Report: Feds Won't Prosecute Ben Stevens
At this point there's no reason to believe that there will be any more Polar Pen indictments.
As the public corruption probe known as “Polar Pen” continues to unravel, former state Senate President Ben Stevens apparently will not face criminal charges.
A newspaper article, relying on anonymous sources, says the U.S. Department of Justice has sent Stevens a letter ruling out an indictment against him.
It's unknown why federal prosecutors would drop the case, but they have suffered multiple and sometimes stunning setbacks since 2009.
Cliff Groh says he saw this one coming.
Groh, a lawyer who has served both as a prosecutor and a criminal defense attorney, has followed the polar pen investigation since it became public in 2006 on his blog Alaska Political Corruption.
While not offering an opinion on whether or not Ben Stevens broke the law, Groh says there are many reasons why the Department of Justice might have concluded they couldn't prosecute him.
"As one of my friends wrote me this morning, he said, 'Ben Stevens must have played hockey -- because he sure is good at skating."
Groh says Stevens' actual guilt or innocence might be irrelevant to the reasons behind the conclusion of the federal investigation into his conduct as a state senator.
"The investigation collapsed under the weight of the prosecutorial blunders that were revealed in the Ted Stevens case and later in the Kott and Kohring cases."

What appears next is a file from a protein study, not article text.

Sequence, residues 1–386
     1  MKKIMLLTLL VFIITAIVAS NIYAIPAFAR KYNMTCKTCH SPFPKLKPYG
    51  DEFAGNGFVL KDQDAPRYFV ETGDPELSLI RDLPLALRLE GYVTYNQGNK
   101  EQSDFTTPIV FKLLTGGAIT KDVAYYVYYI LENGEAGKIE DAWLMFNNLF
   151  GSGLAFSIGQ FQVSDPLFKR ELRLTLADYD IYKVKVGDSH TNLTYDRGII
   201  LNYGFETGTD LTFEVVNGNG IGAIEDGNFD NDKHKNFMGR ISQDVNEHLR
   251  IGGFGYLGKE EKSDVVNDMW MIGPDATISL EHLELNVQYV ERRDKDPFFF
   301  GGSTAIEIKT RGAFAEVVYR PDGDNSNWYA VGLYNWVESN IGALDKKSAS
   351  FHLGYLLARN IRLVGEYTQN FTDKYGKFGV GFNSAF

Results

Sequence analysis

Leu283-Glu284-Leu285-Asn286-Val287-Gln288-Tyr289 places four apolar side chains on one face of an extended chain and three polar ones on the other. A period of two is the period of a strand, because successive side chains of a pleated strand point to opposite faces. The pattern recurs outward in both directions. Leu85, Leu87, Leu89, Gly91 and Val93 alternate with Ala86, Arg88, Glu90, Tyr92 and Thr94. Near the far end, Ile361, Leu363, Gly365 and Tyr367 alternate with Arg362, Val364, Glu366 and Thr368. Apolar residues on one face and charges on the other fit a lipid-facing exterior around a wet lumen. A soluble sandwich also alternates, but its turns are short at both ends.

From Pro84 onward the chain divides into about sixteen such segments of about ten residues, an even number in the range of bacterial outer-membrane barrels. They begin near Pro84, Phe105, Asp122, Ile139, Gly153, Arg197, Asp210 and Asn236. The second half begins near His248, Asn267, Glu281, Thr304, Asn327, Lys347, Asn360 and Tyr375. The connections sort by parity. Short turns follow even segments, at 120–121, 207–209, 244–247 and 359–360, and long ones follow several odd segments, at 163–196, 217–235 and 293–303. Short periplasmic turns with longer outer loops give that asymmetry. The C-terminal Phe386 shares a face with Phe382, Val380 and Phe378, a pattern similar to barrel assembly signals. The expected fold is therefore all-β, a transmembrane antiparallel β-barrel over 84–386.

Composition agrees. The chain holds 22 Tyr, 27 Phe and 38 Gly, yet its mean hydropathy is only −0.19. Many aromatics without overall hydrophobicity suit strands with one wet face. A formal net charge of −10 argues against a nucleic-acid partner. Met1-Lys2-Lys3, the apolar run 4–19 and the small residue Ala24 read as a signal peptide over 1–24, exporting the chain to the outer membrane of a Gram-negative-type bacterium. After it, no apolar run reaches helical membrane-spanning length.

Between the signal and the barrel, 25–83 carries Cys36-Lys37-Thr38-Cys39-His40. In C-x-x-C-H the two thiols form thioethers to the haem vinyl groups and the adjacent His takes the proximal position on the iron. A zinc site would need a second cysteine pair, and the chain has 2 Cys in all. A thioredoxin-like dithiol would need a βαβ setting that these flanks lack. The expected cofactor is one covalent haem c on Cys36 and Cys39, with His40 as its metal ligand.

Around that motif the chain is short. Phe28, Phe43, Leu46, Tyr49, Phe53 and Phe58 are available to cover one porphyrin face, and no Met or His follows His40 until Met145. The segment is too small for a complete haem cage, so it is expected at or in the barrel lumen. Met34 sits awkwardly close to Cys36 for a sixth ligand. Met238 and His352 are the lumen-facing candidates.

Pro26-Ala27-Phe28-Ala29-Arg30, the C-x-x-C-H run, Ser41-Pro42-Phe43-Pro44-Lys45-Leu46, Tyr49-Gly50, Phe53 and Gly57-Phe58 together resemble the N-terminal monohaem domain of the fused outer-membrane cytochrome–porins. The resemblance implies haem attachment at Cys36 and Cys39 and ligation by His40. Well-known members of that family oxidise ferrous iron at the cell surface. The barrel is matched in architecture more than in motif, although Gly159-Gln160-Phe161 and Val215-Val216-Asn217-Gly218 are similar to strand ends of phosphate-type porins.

The late U.S. Senator Ted Stevens, Ben's father, was convicted on corruption charges in 2008 and lost his re-election bid, but the conviction was reversed when it was revealed that prosecutors didn't turn over evidence that could have helped the defense.
New trials for former state legislators Pete Kott and Vic Kohring have been ordered for similar reasons.
Meanwhile, two investigations of the investigators are under way, sidelining the prosecutors who knew the probe best.
"When prosecutors cheat, there should be ramifications,” said Rep. Les Gara, D-Anchorage, who has championed ethics reform in the wake of the public corruption probe. “So that has unfortunately maybe let some guilty people walk."
Groh continued: "Additional problems came out about the credibility of two of the prosecution's star witness, Bill Allen and Rick Smith, the well-known executives of the now-defunct oil services giant, Veco Corp."
And while videotapes played a key role in the trials of Kott and Kohring, it's unknown what showed up from Ben Stevens in 17,000 conversations that were captured by the FBI in the course of Polar Pen.
"It appears that Ben Stevens might not have played a prominent role doing dumb-looking and criminal-looking things on tape,” Groh said.
And Groh says that Stevens, unlike Kott and Kohring and former legislator Tom Anderson, made no attempt to conceal the money he was getting.
"The jury saw these clumsy attempts at concealment and they helped supply the criminal intent necessary under the law to convict them. For Ben Stevens, on the other hand, it was all hide in plain sight. He reported receiving more than $1 million as a legislator, almost $1 million in the five full calendar years he served as a state legislator from Veco and fishing interests alone."